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Android 7.0 Smartphones To Have Strictly Enforced Verified Boot With Forward Error Correction

Android verified boot architecture

Beyond the improved sandboxing for the media stack modules, better code sanitization, and other security features coming to Android 7.0 “Nougat,” the new version of Android will also get a ”strictly enforced verified boot” system, which should better protect against malicious code that runs at boot. Android will also add a feature called “forward error correction” to reduce the number of devices that stop booting due to random software errors.

Strictly Enforced Verified Boot

Google introduced the verified boot system in Android 4.4, and users started seeing warnings if their bootloader was unlocked or if the system image was corrupt in Android 6.0. After seeing the warning the user could continue to boot their device.

Verified boot in Android 6.0

Starting with Android 7.0, the verified boot process will be strictly enforced, and the device won’t boot anymore if it’s been compromised by malicious code. Users should still be able to boot into safe mode and restore their devices to a clean image of Android.

The smartphone owners who still want to root their devices should be able to continue to do that, but only if the bootloader is unlocked first. Otherwise, the verified boot system will consider the OS image corrupted, and will not allow the boot process to continue. Most rooted devices need to have their bootloaders unlocked for the root to remain permanent, so this shouldn’t be an issue for most custom ROM users.

Forward Error Correction

The new version of the operating system will also feature “forward error correction,” or redundant code that it can use to repair the critical parts of the OS, to ensure that Android 7.0+ devices don’t lock-up because of random software corruption.

However, there’s a trade-off between how many errors the software can fix and how much overhead the redundant code produces. Google could’ve chosen to fix up to 16 errors per 255-bytes block, but the redundant code would’ve represented a 15 percent overhead. Google eventually went with one error per 255-bytes block that the software can fix, which only adds an overhead of 0.8 percent.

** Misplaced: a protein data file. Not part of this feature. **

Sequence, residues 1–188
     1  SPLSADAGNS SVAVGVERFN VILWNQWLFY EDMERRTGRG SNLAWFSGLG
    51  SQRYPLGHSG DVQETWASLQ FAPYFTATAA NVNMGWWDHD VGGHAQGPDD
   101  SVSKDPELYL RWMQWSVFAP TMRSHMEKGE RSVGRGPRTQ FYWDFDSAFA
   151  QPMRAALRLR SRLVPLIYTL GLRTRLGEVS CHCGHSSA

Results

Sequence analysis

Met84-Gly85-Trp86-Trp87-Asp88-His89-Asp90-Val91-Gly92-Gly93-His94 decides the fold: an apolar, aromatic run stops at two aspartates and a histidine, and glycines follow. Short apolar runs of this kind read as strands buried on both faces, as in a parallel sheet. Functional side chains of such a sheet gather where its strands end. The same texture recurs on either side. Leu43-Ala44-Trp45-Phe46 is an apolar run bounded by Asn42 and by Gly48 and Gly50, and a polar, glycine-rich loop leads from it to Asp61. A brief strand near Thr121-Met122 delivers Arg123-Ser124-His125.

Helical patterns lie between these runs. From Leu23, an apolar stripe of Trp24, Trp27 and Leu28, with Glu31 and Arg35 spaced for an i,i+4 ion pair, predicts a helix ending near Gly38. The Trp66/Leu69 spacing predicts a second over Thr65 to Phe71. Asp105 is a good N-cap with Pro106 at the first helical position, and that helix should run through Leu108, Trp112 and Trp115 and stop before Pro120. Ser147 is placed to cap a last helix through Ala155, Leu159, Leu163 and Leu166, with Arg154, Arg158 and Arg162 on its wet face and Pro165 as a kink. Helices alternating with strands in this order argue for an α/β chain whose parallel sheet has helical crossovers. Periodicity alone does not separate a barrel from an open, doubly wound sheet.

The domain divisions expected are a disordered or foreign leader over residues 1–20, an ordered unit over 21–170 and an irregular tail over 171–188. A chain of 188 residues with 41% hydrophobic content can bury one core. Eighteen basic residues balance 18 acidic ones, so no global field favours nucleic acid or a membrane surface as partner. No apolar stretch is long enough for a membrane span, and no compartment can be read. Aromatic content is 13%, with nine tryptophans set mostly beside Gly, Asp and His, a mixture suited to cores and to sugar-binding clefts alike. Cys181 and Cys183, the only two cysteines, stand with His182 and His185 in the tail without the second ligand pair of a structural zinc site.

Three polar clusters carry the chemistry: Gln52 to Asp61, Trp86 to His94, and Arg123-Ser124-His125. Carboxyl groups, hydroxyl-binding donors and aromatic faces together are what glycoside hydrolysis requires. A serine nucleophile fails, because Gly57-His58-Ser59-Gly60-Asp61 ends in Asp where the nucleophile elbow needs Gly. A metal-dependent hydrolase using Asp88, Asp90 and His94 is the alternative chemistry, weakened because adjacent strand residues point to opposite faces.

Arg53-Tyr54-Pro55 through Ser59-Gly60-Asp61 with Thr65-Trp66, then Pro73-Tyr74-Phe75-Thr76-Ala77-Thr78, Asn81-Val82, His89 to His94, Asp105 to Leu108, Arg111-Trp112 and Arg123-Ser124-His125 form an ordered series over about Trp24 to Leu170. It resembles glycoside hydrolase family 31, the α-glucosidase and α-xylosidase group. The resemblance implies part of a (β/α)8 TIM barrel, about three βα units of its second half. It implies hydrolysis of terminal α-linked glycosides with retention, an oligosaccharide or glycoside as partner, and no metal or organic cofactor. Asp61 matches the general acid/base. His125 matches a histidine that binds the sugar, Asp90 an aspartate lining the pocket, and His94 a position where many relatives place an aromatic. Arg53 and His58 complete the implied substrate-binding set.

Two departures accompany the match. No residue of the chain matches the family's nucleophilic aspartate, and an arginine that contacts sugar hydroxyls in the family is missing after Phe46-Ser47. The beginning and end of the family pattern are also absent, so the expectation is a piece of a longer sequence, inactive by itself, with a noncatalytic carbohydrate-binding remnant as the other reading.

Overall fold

It’s possible that as budget smartphones gain more storage in the future and Google has more time to evaluate the feature that it can choose to increase the overhead, and therefore the level of correction the system can perform.

  • epdm2be
    As I predicted long ago. Over time Android will be as closed as every other smartphone or other OS. With all the loss of freedom that we took for granted now.
    Reply
  • ddpruitt
    18307656 said:
    As I predicted long ago. Over time Android will be as closed as every other smartphone or other OS. With all the loss of freedom that we took for granted now.

    How exactly is this closing the system? All they're doing is verifying that the system partition contains what it the manufacturer put on there and hasn't been changed by something like a rootkit. Rooting a device requires unlocking the bootloader anyway, which usually wipes the device and disables the checks.
    Reply
  • randomizer
    18307656 said:
    As I predicted long ago. Over time Android will be as closed as every other smartphone or other OS. With all the loss of freedom that we took for granted now.

    It's quasi-proprietary so of course it's going to be closed up.
    Reply
  • house70
    Wow. Two misinformed comments already. Did you guys even know how the root is maintained? Or, even better, did you even read the part of the article where it explains how root will be achieved, even with these checks in place?

    The only thing this will block will be un-authorized rooting processes that use exploits to achieve root, possibly without even the owner's consent. Only via consent (a.k.a. unlocking bootloader) rooting will be maintained. A good step forward, IMO. Remember the websites that promised root just by clicking on a link? Gone. And that's a good thing. If you want to root your phone (I use to do that all the time, but nowadays, with the plethora of customizations that Android offers, not needed anymore), you will still be able to do it, but you really have to be willing to do it and know what you're doing. Amateurs will be deterred, and that's another good thing.
    Reply
  • tsnor
    Can you say a bit more about how forward error correction is used? (Is this when a cache line is fetched the hardware can determine if there is a single bit error and correct it, but this could also be when a program is read into memory it is scanned to see if the disk copy is corrupt, and then repaired with the FEC code)
    Reply
  • house70
    18307656 said:
    As I predicted long ago. Over time Android will be as closed as every other smartphone or other OS. With all the loss of freedom that we took for granted now.

    With all the options to customize your phone, launchers, widgets, animations, homescreens, app drawers, default apps for various functions, etc. available, I very much doubt that ALL this will be made unavailable to public. How can you tell an Android from an iPhone? Just by looking at the home screen and realizing that iPhones look all the same, whereas Android devices are individually customized. If you look under the skin you'll see that you can pretty much select what apps should be launched by default for various functions. These will never be eliminated by Google. I don't see any loss here.
    Reply
  • wifiburger
    meh, makes no difference to me, the quality of android os from factory is really good lately ,
    can't say much about custom mods, I tried alot of them and they lack polish / always broken,
    Reply